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By Ian Tartt
Nearly everyone is familiar with the concept of speed limits. In fact, many people routinely drive faster than the posted speed limits whenever possible. And libertarians are split on whether or not there should be speed limits, if government should be involved at all in the matter, and possible libertarian solutions to these issues. This article will offer some possible ways in which speed limits could be handled in a libertarian society.
Currently, speeding is handled in a punitive manner: break the speed limit and get in trouble. That works all right when there is something in place to catch speeders like a camera or a cop, but what about when there’s nothing like that around? There’s no real incentive to obey the speed limit, so most people will speed if they think they won’t get caught. What if there were incentives to drive the speed limit?
One possible way to do this is to reward drivers who follow the speed limit. Suppose it costs drivers a monthly fee to drive on a particular road. Those drivers who abstain from speeding may be given a discount for their good behavior, or perhaps on another road, drivers would buy a pass when they enter the road and turn the pass in when they leave. On the pass could be written the time it was issued; upon turning it in, the time on the pass would be compared to the current time. From there, as long as the distance between the point of issue and point of collection were known, some simple math could determine if the person had traveled above the posted speed (perhaps not for the entire trip, but at least part of the trip). If they hadn’t, they’d get a refund for the pass; if they had, they wouldn’t get a refund.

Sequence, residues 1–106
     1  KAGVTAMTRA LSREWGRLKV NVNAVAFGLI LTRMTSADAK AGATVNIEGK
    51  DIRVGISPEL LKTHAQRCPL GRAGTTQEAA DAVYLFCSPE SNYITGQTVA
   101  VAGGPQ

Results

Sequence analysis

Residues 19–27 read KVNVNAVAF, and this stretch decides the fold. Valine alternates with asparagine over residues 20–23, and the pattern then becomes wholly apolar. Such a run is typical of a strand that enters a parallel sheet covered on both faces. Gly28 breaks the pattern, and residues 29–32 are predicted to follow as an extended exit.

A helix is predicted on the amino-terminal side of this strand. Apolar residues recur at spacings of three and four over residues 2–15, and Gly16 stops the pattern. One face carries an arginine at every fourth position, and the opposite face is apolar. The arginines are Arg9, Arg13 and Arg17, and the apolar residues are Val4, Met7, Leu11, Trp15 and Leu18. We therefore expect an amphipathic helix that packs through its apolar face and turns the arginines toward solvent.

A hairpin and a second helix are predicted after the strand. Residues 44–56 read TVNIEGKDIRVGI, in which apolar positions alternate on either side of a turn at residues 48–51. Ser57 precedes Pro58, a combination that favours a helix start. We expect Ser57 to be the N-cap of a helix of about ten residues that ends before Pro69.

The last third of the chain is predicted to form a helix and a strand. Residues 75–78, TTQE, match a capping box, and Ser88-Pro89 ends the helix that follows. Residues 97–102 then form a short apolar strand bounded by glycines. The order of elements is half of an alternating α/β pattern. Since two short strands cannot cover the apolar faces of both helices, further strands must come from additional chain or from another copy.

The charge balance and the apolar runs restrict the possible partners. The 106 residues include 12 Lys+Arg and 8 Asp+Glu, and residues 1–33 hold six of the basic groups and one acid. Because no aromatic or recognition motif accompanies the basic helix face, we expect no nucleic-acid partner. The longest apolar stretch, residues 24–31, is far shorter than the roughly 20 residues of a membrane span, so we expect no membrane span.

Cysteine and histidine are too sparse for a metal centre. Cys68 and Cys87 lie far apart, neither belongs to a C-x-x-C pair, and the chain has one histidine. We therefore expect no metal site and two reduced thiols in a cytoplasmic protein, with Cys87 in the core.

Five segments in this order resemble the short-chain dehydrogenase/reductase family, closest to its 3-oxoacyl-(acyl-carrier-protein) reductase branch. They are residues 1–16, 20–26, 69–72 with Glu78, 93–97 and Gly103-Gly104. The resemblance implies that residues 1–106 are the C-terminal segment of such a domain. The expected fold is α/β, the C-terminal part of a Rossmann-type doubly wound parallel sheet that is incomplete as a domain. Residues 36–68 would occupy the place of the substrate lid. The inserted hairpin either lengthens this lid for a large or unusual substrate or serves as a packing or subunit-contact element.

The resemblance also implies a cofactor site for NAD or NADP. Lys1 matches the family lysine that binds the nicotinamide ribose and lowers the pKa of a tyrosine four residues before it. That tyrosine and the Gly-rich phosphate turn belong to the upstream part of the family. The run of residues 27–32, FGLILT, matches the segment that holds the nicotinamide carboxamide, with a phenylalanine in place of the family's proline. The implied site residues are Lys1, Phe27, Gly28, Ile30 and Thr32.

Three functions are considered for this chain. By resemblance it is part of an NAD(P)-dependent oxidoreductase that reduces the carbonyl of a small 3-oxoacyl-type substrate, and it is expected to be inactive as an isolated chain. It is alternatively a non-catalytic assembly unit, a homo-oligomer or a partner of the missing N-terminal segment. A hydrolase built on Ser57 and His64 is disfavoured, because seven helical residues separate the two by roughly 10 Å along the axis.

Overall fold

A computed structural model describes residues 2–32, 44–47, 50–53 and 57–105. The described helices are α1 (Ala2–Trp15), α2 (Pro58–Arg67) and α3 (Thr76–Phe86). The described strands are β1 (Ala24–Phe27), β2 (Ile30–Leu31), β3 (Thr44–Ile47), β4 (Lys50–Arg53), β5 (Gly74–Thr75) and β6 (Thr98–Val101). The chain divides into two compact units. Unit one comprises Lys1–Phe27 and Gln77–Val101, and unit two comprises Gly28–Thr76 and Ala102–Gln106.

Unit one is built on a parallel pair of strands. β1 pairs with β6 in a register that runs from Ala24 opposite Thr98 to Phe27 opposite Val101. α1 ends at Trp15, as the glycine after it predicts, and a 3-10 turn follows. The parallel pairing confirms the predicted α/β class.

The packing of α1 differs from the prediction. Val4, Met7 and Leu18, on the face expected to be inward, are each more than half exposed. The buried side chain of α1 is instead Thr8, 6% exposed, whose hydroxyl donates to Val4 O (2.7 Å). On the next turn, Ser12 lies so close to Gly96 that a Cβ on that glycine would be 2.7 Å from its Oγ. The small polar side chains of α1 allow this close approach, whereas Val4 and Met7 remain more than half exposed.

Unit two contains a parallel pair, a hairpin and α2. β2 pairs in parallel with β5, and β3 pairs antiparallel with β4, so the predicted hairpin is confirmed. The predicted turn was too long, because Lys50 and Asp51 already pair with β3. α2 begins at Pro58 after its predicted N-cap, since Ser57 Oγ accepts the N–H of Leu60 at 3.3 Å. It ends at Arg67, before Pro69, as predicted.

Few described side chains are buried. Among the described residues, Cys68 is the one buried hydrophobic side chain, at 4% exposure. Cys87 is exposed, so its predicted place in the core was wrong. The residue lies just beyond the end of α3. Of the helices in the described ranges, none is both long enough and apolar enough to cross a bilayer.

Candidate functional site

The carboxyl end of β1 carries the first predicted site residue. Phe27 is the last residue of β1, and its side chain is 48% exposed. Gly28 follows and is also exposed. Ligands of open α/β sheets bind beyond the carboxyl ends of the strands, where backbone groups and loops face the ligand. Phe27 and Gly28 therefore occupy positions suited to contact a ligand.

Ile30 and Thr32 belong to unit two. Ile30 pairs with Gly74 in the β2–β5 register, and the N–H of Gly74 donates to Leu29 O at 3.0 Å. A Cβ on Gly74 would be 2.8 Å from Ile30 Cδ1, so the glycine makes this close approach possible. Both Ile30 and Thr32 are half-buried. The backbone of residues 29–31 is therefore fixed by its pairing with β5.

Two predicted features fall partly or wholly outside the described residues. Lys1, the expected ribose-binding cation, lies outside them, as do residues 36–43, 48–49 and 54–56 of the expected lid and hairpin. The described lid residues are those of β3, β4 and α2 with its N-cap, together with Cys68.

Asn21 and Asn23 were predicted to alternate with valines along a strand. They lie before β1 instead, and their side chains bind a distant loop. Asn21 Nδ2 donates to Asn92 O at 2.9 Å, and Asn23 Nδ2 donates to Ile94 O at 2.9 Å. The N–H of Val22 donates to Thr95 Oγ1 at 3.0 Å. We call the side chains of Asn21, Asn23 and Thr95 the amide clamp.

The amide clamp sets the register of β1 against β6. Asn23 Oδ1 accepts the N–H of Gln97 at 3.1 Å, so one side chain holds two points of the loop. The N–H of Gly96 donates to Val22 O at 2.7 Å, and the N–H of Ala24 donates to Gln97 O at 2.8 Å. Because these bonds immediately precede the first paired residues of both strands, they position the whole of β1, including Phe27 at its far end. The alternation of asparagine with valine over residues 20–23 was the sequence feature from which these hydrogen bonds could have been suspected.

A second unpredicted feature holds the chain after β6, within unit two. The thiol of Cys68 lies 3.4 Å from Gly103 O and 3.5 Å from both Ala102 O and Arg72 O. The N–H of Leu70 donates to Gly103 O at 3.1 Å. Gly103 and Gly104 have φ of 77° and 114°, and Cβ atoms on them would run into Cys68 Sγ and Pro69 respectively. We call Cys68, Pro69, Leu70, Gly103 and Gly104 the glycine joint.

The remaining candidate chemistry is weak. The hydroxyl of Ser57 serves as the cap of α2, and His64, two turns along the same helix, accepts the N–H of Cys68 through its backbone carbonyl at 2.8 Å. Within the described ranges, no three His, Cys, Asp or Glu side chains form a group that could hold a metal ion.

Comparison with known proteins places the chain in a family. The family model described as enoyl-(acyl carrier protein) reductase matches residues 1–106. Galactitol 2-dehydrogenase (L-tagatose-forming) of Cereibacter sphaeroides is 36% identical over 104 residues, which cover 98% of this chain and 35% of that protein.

Another possibility is a points system. Drivers could earn points for obeying the speed limit, driving safely, following the rules of the road, etc. Once they accumulated enough points, they could redeem them for free vacations, oil changes, tune-ups, or other rewards. By offering rewards for good drivers, drivers would have an incentive to follow the speed limit and would get in the habit of doing so. Over time, that would make them more likely to follow the speed limit even without a punishment/reward system in place.
Perhaps the roads themselves could be designed in such a way as to make it difficult to drive faster than a certain speed. Speed bumps, which are already in use, could facilitate this. Other options for encouraging drivers to slow down include steep inclines, winding roads, and turns without much banking. These ideas would most likely be used in areas with lots of cross traffic or pedestrians, such as residential areas, business places, and schools.
Some private roads may not have speed limits at all. Owners of long stretches of highways, especially rural highways and ones that either have a lot of distance between exits or have almost no exits, may let drivers go as fast as they can safely drive. Someone might own both a stretch of highway and a more urban road. In that case, they would likely be more inclined to focus most of their resources in making the urban road safer; fluctuations in speed and driving patterns due to cross traffic and pedestrians would make car wrecks more likely to happen there than on the highway.
These are some possible ways that speed limits could be handled in a libertarian society. As with all speculation about how a libertarian society might look, these ideas may be close to what ends up happening or they could be completely off the mark. We won’t know exactly how a society without central planning will look until it becomes a reality, so until we have such a society, all we can do is imagine how it may be organized. In any event, if this article serves its purpose, it will get people thinking about options for managing speed limits and other matters in a libertarian society and may even be a useful stepping stone to helping make that society a reality.